In a similar way, people have mystery illnesses that are misdiagnosed or treated incorrectly. Then one day, someone finds the cause for an illness, and hopefully a treatment or cure thereafter. Suddenly it’s no longer a mystery.
Sometimes, science is available but not used properly, or disregarded as being untrue. Two words: climate change.

What You Can Do

First, I’d like to say that this post is not about rendering you a blameless victim for everything that goes wrong in your life. This is about making a sincere, well-reasoned attempt to accomplish something and not succeeding. While I can’t possibly give you answers to every scenario, I’d like to try to offer some advice from someone who is constantly trying new things, not all of them succeeding.
It seems counter-intuitive, but I’m telling you not to take what anyone says (including me), try to follow it, and then blame yourself when it doesn’t work for your own goal (even if you’re trying to duplicate exactly what they did). There are just so many variables that two people could not possibly do something identically. Here are some guidelines you can try to troubleshoot issues you have.
If you’re trying something completely unfamiliar, the first time around, try it exactly as instructed by a reliable source. Once you’ve tried it that way, if it doesn’t work then go back and evaluate what went wrong.
  • Were instructions too confusing or complicated?
  • Did an action take you too far out of your comfort zone?
  • Was it too much to do all at once?
  • Were you distracted by other things while you were trying to perform the tasks?
  • Looking back at what you were told to do, did you accidentally (or purposefully) skip or miss a step?
  • Did it go beyond your capabilities, skills, or financial means?
It’s frustrating when you try something new and it doesn’t work the first time. But that isn’t necessarily a reason to give up completely. Here are some workarounds you can try.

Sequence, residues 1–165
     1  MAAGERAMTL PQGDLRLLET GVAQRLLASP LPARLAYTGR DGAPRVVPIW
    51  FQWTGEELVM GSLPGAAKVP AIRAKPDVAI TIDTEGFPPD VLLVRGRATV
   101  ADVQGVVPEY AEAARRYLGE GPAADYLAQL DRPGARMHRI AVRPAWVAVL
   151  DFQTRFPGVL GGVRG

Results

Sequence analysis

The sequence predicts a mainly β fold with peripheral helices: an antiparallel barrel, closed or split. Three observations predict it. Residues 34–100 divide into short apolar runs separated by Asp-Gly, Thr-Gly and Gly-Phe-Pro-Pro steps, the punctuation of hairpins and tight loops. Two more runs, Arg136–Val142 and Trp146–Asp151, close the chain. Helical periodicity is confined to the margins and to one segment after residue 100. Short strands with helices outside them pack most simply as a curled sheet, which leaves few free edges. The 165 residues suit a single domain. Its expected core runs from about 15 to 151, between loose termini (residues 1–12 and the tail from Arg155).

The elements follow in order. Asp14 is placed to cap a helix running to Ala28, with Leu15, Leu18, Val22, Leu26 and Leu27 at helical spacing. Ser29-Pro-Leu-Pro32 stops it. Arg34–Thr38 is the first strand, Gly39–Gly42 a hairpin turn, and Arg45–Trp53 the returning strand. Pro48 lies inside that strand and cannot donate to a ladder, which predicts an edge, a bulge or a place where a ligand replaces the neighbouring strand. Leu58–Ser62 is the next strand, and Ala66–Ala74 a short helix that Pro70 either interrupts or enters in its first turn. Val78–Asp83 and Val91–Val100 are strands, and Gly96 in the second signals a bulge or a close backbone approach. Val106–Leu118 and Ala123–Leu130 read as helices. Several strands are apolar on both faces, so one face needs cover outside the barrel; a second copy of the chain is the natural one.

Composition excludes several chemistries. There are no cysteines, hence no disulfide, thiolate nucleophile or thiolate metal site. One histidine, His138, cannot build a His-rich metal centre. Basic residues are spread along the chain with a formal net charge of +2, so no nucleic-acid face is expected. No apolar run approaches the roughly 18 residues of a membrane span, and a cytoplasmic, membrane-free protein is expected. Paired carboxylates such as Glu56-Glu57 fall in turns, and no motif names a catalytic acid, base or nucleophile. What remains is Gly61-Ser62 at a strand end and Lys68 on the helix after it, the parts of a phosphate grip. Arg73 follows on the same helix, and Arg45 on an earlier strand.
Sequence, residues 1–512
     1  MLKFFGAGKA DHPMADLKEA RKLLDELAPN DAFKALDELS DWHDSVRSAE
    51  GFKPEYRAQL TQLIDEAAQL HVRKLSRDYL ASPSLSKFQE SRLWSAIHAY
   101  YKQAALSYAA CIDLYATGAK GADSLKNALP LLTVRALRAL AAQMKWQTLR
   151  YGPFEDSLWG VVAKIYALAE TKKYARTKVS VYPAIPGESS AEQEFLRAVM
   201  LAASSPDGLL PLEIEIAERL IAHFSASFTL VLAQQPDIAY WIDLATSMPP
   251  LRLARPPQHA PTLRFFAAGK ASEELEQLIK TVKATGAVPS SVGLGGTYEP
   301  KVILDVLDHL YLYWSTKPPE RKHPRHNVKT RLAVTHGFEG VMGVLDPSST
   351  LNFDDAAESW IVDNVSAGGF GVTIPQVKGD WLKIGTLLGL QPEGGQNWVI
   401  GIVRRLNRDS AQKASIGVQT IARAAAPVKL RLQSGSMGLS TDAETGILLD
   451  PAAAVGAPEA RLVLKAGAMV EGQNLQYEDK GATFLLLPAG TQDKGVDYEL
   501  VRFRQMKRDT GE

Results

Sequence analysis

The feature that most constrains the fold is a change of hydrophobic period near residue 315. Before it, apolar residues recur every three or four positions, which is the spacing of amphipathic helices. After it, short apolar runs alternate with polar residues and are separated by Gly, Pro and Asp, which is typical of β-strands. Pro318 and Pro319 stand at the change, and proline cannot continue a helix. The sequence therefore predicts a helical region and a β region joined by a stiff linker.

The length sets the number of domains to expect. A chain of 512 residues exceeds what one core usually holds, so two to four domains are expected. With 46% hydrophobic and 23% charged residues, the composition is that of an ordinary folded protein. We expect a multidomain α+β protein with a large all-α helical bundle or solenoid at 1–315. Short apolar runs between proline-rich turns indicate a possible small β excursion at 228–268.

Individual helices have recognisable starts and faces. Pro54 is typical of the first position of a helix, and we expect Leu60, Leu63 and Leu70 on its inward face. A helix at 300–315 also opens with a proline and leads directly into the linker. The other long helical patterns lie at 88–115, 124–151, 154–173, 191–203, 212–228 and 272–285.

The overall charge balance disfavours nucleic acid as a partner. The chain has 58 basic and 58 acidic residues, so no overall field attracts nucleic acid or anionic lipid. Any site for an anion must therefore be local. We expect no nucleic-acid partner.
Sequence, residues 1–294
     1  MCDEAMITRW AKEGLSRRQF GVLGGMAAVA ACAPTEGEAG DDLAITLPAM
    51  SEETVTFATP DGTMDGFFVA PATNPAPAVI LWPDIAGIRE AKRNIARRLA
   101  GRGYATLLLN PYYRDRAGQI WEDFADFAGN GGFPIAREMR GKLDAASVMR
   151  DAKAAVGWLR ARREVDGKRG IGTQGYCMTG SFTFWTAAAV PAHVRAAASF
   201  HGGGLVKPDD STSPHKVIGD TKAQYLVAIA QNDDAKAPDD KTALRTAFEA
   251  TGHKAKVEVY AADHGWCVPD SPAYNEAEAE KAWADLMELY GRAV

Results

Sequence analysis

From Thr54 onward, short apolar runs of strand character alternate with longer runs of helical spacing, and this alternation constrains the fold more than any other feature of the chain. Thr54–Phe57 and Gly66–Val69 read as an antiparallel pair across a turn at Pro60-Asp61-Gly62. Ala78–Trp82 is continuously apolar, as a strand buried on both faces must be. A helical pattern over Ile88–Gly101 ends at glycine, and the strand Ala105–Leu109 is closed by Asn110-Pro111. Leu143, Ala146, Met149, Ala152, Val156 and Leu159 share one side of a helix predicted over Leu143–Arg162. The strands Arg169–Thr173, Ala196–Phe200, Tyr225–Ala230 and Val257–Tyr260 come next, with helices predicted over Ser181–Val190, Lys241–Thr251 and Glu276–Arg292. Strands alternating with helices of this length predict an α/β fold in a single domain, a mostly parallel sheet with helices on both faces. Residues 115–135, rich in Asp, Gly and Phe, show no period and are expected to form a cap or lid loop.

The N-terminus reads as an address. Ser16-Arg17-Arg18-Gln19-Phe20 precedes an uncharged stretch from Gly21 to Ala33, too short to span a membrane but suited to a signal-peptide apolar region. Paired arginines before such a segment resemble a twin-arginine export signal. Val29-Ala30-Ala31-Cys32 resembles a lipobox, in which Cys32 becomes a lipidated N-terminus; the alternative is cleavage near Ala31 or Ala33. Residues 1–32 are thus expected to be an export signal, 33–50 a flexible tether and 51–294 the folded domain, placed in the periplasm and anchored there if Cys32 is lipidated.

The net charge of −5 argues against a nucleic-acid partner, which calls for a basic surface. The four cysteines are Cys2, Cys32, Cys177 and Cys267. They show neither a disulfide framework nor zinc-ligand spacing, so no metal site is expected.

• Combine advice from multiple sources in a way that feels right and give that a try.
  • Consult an expert for help or include more people to assist you.
  • Try again—maybe it’s just a matter of practice.
  • Consider whether the desired outcomes and your expectations are realistic given what you are required to do. If not, adjust.
  • Work harder at it.
  • Pay someone with the right skills to complete some of the tasks.
  • Skip steps that don’t make any sense (while also changing your expectations).
I recently watched a seminar about mobility problems. The speaker said that people with mobility issues often have to have backup plans just to get across the room, and make split-second decisions to reach their goals when they encounter obstacles. They develop these skills out of necessity, because their environments are constantly changing around them, and they’re required to continually come up with innovative ways to move through this world.
This is an example of how with enough determination, it's possible to learn resilience and troubleshooting skills. Like muscles, this knowledge will grow in strength and abundance the more you use it. So rather than seeing incomplete objectives as failures, see them as opportunities to grow. And instead of seeing yourself as a failure, envision yourself as a strong, flexible person who is learning new ways to move through this world.